What Upskilling Means for Workforce Diversity

Written by | Design & Art, Featured, Upskill

It’s easy to imagine digital transformation as a trend in a vacuum, one mainly concerned with how we can make workplaces more efficient, productive and engaged. We like to believe technologies like artificial intelligence and machine learning will minimize the rote aspects of day-to-day work, giving people more leeway to focus on the things they do best.

The reality is more complicated. As it has for decades, technology will continue to reshape the way we work, pushing employees in every industry to rapidly adopt new skill sets or risk being left behind. In fact, the Bureau of Labor Statistics projects an estimated 1.37 million workers will be displaced from their jobs in the next decade, with the cost of preparing them for new roles totaling $34 billion.

But upskilling employees isn’t just a matter of viability in the job market. It’s an opportunity for businesses to promote diversity and equity across their workforce, particularly in fields where women and minorities are historically underrepresented. The gap is especially prominent in the tech sector, where Black and Latinx employees respectively make up 7.4% and 8% of the workforce.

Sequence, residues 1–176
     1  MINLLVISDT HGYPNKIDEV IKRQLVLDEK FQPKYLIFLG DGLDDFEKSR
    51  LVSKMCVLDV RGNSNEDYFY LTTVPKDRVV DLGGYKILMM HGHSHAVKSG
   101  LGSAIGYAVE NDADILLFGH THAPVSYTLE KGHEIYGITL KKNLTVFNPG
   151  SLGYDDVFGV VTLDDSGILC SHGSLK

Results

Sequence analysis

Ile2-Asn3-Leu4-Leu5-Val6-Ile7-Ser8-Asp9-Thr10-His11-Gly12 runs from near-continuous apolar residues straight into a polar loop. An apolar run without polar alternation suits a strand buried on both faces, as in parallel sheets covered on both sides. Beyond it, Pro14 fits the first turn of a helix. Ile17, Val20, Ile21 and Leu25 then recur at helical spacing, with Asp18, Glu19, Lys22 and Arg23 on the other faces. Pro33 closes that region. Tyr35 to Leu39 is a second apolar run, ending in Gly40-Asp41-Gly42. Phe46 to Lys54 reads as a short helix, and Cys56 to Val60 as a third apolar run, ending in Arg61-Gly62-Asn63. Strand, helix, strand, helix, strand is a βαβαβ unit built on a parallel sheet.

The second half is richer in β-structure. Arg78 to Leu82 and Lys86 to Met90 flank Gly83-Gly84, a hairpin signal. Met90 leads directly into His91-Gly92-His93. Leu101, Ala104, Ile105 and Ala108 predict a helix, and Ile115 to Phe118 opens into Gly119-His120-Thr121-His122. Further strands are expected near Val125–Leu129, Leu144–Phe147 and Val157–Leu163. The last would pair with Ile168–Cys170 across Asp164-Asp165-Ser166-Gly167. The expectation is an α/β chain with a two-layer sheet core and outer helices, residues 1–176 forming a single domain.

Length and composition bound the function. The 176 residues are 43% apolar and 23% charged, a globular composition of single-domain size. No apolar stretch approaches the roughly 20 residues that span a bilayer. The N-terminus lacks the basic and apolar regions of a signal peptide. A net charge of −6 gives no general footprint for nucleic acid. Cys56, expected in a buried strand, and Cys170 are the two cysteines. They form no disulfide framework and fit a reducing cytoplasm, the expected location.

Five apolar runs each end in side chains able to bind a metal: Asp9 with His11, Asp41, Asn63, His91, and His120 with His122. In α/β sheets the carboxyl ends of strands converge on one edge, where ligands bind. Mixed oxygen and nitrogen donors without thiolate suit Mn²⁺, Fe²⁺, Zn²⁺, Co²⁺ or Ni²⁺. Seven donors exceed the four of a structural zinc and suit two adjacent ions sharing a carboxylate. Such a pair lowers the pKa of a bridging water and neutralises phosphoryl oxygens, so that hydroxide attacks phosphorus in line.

The issue cuts both ways—organizations like the National Institute of Standards and Technology have noted that a lack of appropriate training and career counseling makes it harder for manufacturing employers to fill thousands of positions. But as the skills shortage continues to expand, upskilling and educational initiatives among underrepresented and disadvantaged populations can level the playing field for career growth while creating a pipeline of talent in areas like AI, cloud engineering and cybersecurity.

“Businesses must cast their net wide and make sure women and people of color get the opportunities they need,” says Catherine Keating, CEO of BNY Mellon Wealth Management, in Salesforce’s Make Change series. “In leading the women’s initiative network at our company, we have opted to provide more trainings, more focused reviews and a direct feedback loop to help our people build a skill set that will enable them to progress as rapidly as anybody in our industry.”

Keating and BNY Mellon have looked outward as well as in, supporting upskilling efforts in underserved communities as part of the business’ corporate philanthropy initiative. In 2019, more than 20,000 of its employees volunteered or donated money to the program, with contributions totaling $8.3 million.

Source: https://partners.wsj.com/salesforce/make-change-elevating-women/understanding-the-upskilling-imperative/

Last modified: 03/01/2022

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